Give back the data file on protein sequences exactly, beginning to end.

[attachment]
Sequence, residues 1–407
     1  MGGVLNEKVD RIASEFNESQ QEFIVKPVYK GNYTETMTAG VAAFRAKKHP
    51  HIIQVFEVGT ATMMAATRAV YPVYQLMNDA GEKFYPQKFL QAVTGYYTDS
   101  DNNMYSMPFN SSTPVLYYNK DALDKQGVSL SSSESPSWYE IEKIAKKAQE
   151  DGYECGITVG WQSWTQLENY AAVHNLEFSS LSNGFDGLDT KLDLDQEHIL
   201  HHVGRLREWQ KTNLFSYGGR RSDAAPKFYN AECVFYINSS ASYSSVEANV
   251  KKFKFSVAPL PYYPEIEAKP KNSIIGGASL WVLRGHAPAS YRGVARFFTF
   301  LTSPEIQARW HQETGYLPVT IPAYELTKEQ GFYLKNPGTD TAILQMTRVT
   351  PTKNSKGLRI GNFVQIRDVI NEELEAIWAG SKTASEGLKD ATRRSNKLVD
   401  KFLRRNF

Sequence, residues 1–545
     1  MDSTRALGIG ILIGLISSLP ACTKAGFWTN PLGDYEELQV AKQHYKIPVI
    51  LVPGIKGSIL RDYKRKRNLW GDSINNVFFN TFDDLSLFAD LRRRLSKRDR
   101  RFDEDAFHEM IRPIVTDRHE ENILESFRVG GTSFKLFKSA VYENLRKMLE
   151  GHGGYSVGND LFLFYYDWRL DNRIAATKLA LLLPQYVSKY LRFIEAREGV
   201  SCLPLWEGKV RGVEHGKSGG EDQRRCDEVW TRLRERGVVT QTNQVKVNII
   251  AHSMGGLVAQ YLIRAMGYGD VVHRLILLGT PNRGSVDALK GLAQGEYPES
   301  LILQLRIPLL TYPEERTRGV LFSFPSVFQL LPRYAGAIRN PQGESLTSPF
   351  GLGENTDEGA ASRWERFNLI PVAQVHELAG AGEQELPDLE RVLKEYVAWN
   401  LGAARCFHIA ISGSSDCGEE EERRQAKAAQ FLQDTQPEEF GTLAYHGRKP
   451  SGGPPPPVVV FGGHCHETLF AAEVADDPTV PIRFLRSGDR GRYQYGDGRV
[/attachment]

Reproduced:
Sequence, residues 1–407
     1  MGGVLNEKVD RIASEFNESQ QEFIVKPVYK GNYTETMTAG VAAFRAKKHP
    51  HIIQVFEVGT ATMMAATRAV YPVYQLMNDA GEKFYPQKFL QAVTGYYTDS
   101  DNNMYSMPFN SSTPVLYYNK DALDKQGVSL SSSESPSWYE IEKIAKKAQE
   151  DGYECGITVG WQSWTQLENY AAVHNLEFSS LSNGFDGLDT KLDLDQEHIL
   201  HHVGRLREWQ KTNLFSYGGR RSDAAPKFYN AECVFYINSS ASYSSVEANV
   251  KKFKFSVAPL PYYPEIEAKP KNSIIGGASL WVLRGHAPAS YRGVARFFTF
   301  LTSPEIQARW HQETGYLPVT IPAYELTKEQ GFYLKNPGTD TAILQMTRVT
   351  PTKNSKGLRI GNFVQIRDVI NEELEAIWAG SKTASEGLKD ATRRSNKLVD
   401  KFLRRNF

Sequence, residues 1–545
     1  MDSTRALGIG ILIGLISSLP ACTKAGFWTN PLGDYEELQV AKQHYKIPVI
    51  LVPGIKGSIL RDYKRKRNLW GDSINNVFFN TFDDLSLFAD LRRRLSKRDR
   101  RFDEDAFHEM IRPIVTDRHE ENILESFRVG GTSFKLFKSA VYENLRKMLE
   151  GHGGYSVGND LFLFYYDWRL DNRIAATKLA LLLPQYVSKY LRFIEAREGV
   201  SCLPLWEGKV RGVEHGKSGG EDQRRCDEVW TRLRERGVVT QTNQVKVNII
   251  AHSMGGLVAQ YLIRAMGYGD VVHRLILLGT PNRGSVDALK GLAQGEYPES
   301  LILQLRIPLL TYPEERTRGV LFSFPSVFQL LPRYAGAIRN PQGESLTSPF
   351  GLGENTDEGA ASRWERFNLI PVAQVHELAG AGEQELPDLE RVLKEYVAWN
   401  LGAARCFHIA ISGSSDCGEE EERRQAKAAQ FLQDTQPEEF GTLAYHGRKP
   451  SGGPPPPVVV FGGHCHETLF AAEVADDPTV PIRFLRSGDR GRYQYGDGRV